Saturday, June 20, 2009
I don't think I realized exactly how blissful my Southern California childhood was until I embarked on a more chaotic, far less idyllic lifestyle in New York City. Aside from riding my bike to the beach and hiking in the Santa Monica Mountains, the additional benefit to being raised in L.A. was growing up with kids who had emigrated from Iran.
Sleepover parties meant homemade Persian dinners of pomegranate chicken, tah dig, strained yogurt, and torshi--tangy, vinegar-cured pickles. My open-minded parents even let me play hooky to spend Persian New Year with my Iranian classmates. It never occurred to me that Iran was anything other than a place of rich history, spectacular beauty, and complex, regional cuisines. (At that age, I didn't fully understand why my friends were forced to flee from Iran, leaving behind everything they owned.)
I have been trying to get to this closed country for the past two years. This week, as Iran is especially top of mind, I am hopeful it will return to the peaceful country it once was for my friends' parents--and that my Iranian adventure will soon become a reality.
In the meantime, I have just returned home with a round-up of my favorite Persian markets in Tehrangeles. I encourage you to explore this side of L.A. and invest $10 in culinary souvenirs that may be new to you: Pickled sour grapes, chickpea cookies, and cardamom tea are all easy to slip into luggage.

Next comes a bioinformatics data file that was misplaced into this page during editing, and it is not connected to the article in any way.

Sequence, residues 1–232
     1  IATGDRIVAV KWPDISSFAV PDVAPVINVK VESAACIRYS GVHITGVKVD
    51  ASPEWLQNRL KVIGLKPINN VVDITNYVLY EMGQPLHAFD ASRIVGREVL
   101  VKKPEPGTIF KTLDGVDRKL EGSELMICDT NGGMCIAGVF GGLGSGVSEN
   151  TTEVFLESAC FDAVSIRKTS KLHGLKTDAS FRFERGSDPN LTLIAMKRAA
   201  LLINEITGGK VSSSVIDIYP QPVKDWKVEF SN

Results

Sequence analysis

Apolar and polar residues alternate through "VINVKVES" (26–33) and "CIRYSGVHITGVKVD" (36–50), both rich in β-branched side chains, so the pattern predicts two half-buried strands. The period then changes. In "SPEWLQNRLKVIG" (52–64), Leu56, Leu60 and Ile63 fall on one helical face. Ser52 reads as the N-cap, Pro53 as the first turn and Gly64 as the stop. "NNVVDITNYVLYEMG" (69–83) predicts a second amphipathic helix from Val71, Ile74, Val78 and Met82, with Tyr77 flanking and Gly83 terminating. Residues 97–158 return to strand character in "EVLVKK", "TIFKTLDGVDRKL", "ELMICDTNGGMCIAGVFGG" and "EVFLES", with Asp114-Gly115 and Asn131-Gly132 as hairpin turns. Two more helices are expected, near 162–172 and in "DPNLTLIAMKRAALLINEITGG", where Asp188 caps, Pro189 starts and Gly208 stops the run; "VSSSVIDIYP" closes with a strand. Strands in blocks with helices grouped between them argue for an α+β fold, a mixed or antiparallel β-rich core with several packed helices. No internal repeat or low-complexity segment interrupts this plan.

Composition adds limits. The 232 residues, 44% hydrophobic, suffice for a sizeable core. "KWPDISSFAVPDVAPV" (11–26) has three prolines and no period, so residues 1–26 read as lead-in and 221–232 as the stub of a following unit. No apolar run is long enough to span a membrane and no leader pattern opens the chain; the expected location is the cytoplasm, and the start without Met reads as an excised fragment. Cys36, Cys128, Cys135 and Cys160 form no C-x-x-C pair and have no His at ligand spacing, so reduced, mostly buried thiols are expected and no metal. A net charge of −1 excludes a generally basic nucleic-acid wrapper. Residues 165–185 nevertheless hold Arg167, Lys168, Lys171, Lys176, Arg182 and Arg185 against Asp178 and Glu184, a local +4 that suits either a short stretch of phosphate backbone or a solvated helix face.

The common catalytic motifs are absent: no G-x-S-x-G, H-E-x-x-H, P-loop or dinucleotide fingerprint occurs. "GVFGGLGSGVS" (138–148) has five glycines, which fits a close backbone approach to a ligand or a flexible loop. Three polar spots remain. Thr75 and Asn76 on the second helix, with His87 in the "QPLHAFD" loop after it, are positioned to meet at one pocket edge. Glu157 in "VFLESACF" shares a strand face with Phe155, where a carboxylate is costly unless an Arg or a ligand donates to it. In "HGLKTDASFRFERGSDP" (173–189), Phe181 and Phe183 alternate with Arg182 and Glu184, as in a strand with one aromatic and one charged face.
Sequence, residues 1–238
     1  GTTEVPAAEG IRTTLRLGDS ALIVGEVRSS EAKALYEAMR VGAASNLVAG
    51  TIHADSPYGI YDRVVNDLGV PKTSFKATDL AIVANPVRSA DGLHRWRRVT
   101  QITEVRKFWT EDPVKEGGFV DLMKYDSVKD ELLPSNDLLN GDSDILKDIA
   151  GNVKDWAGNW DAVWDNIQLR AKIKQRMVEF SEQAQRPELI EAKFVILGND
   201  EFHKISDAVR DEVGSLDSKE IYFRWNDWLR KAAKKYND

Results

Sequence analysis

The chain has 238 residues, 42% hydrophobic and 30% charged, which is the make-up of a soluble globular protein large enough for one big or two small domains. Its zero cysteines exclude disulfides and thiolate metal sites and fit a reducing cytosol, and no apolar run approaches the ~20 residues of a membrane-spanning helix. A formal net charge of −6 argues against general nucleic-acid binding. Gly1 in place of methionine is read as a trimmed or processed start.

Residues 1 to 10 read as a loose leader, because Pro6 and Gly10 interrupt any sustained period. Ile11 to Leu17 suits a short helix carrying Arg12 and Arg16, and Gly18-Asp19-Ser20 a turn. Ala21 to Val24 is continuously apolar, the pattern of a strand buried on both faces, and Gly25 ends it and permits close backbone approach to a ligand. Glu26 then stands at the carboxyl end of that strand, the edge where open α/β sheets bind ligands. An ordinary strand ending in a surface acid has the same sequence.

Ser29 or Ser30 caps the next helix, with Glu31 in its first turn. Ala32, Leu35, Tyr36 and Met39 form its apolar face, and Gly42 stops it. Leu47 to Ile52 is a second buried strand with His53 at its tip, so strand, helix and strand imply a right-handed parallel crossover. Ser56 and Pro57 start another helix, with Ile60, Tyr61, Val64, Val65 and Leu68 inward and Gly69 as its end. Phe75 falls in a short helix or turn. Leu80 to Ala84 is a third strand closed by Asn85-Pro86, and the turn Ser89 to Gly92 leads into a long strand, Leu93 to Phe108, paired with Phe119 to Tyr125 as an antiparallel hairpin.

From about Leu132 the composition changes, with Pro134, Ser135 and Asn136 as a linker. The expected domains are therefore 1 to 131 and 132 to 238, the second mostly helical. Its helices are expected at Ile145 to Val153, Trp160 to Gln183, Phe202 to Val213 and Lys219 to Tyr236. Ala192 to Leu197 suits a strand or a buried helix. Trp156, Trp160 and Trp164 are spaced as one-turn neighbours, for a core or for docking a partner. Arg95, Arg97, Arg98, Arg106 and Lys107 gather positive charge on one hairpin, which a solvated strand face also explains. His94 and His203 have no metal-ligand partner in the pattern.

Star Market (nan-e nokhodchi, cardamom chickpea cookies)
12146 Santa Monica Blvd
Mashti Malone's Ice Cream (rosewater saffron-pistachio sorbet)
1525 North La Brea Avenue
Rose Market (wall of pickles)
1387 Westwood Boulevard (this stretch is the main artery for Persian culture in L.A.)
Q Market and Produce
17261 Vanowen Street
Photo courtesy of flickr.
While I am on my pickled rhubarb high (thank you, Mother Earth News), I thought I would share another variation of this soon-to-be-classic condiment. New York magazine's seasonal recipes are always intriguing. I am not a competitive pickler; Testing as many recipes as I can only makes me a better pickle girl. Pickling takes practice, people--and apparently an abuse of alliteration.
1 lb. ripe rhubarb
1/2 cup sherry vinegar
1/2 cup rice vinegar
1 cup plus 1 tbs. honey
3 tbs. grenadine
1 tbs. coarse salt
2 star anise
*Note: if you can find persimmon vinegar at a Korean market, use it: Add 1/2 cup to the recipe, and reduce the amount of the sherry and rice vinegars to 1/4 cup each.
Trim the rhubarb stalks, discarding the coarse inch or so at each end. Discard any leaves.
(1) Peel the rhubarb, and (2) cut the stalks into neat batons about 1 1/2 inches long and 1/4 inch wide. Place in flat-bottomed casserole. Put the vinegars, honey, grenadine, salt, and star anise in a saucepan and bring to a boil over high heat. Turn off the heat and let cool for about 5 minutes. (3) Pour over the rhubarb and cover with plastic wrap. Let cool to room temperature. Taste the pickles for texture. If they’re too crisp for your taste, drain the liquid into a clean saucepan, bring back to a simmer, let it cool for a few minutes, then pour it over the rhubarb again, with the star anise. Store in the refrigerator in the liquid. Serve cold. Note: Iuzzini serves with panna cotta, but the pickles are also a nice accompaniment to cheese. (Adapted from Dessert Fourplay: Sweet Quartets From a Four-Star Pastry Chef, by Johnny Iuzzini and Roy Finamore; Clarkson Potter, 2008.)
Recipe courtesy of New York magazine.